that must be expected from a proposal before it can be
accepted. It is also called the cost of capital. The finance

24
manager has to determine and evaluate the required return or
the cost of capital. 14
The nature of Financial Management can also be analysed with
reference to the scope, functions and objectives of the subject of
financial management. Financial Management as an academic
discipline, was initially treated simply as raising of funds. In terms
of the crucial importance of finance in business and industry as
also with current reference, the broader scope of efficient use of
financial resources is also universally recognized. The scope and
objectives thus include the importance of basic financial concepts,
techniques of financial analyses, current assets management, long
term investment decisions, financing decisions and other related
important issues like dividend policy, plough back of earnings, tax
implications of business and long term business strategy.15
As per another authority on the subject, the term ‘finance’ in real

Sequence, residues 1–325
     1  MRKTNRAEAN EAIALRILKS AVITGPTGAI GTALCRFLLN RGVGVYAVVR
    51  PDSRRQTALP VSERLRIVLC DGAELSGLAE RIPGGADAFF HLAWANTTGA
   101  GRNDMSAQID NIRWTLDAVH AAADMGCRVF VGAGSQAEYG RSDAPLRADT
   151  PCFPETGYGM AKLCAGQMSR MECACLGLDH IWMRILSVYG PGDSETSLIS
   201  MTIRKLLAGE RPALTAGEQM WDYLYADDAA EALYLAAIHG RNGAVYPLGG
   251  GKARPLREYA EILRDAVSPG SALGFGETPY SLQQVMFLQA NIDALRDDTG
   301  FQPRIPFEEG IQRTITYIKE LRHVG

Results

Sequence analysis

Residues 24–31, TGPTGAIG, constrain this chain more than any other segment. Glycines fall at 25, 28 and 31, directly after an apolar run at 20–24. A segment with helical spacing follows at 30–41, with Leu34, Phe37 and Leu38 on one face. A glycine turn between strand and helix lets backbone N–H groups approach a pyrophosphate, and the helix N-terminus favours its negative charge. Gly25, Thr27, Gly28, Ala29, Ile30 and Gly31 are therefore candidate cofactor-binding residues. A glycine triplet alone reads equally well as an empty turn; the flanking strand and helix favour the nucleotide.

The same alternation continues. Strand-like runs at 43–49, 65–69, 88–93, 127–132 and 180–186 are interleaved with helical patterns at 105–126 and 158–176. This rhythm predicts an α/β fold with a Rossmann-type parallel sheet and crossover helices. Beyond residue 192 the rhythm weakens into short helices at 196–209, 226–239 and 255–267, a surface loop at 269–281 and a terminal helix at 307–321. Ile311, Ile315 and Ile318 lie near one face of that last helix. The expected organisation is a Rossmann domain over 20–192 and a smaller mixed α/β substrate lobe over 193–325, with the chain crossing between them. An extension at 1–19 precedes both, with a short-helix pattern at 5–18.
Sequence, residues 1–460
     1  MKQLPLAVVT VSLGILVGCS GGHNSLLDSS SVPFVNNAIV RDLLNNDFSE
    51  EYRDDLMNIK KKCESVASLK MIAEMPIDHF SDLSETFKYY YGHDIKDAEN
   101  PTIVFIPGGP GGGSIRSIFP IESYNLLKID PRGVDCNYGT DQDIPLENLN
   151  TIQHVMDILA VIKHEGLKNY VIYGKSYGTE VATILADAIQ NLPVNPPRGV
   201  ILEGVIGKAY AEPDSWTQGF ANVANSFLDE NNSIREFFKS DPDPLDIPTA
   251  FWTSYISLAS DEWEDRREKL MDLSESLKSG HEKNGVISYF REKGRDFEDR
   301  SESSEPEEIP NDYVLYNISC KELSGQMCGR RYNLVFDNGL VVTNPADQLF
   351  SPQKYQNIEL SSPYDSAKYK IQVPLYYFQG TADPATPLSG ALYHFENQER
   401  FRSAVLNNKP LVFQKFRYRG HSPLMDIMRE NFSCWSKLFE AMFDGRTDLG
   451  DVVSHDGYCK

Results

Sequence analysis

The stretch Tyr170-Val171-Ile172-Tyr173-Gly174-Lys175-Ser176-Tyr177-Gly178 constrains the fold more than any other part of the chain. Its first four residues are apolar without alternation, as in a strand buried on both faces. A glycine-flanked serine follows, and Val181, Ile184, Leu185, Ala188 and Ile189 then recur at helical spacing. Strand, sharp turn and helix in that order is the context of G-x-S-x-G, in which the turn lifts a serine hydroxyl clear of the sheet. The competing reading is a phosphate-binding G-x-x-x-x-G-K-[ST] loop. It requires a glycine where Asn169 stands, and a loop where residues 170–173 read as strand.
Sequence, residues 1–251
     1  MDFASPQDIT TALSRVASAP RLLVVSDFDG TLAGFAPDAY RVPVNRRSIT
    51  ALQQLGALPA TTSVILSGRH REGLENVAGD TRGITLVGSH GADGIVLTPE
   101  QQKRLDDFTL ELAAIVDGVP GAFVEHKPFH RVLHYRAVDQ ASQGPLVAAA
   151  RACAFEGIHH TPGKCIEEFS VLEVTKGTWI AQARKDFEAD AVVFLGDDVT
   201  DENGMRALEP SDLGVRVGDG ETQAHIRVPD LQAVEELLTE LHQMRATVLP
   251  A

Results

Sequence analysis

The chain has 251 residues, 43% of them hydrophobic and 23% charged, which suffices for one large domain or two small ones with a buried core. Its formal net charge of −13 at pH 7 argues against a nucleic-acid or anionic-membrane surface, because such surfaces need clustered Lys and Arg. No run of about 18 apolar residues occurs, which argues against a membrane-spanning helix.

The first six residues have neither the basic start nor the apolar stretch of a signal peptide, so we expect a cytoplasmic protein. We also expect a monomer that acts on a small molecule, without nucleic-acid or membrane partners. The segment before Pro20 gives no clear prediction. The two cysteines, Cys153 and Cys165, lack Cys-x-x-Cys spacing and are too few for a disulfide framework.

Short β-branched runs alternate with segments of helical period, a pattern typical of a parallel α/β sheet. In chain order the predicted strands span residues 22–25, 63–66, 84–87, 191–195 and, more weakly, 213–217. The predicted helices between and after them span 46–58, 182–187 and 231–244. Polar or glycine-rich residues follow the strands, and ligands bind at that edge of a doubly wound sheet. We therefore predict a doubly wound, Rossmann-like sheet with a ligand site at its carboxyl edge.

world has been interpreted variably by different finance scholars. More
significantly, the concept of finance has changed markedly with change
in times and circumstances. For convenience of analysis different
viewpoints on finance can be categorized into three major groups :
(1) The first category incorporates the views of all those who contend
that finance concerns with acquiring funds on reasonable terms and
conditions to pay bills promptly. This approach covers study of
financial institutions and instruments from which funds can be
secured, the types and duration of obligations to be issued, the
timing of the borrowing or sale of stocks, the amount required,
urgency of the need and cost. The approach has the virtue of

25
shedding light on the very heart of finance function. However, the
approach is too restrictive. It lays stress on only one aspect of
finance. This approach of finance is held by the traditional
scholars.
(2) The second approach holds that finance is concerned with cash.
Since almost all business transactions are expressed ultimately in
terms of cash, every activity within the enterprise is the primary
concern of the financial manager. Thus, according to this approach,
the financial manager is required to go into details of every
business activity be it concerned with purchasing, production,
marketing, personnel, administration research and other associated
activities. Obviously, such a definition is too broad to be
meaningful.
(3) A third approach to finance, held by modern scholars, looks on
finance as being concerned with procurement of funds and wise
application of these funds. Protagonists of this approach opine that
responsibility of the financial manager is not only limited to
acquisition of adequate cash to satisfy business requirements but
extends beyond this to optimal utilization of funds. Since money
involves cost, the central task of the financial manager while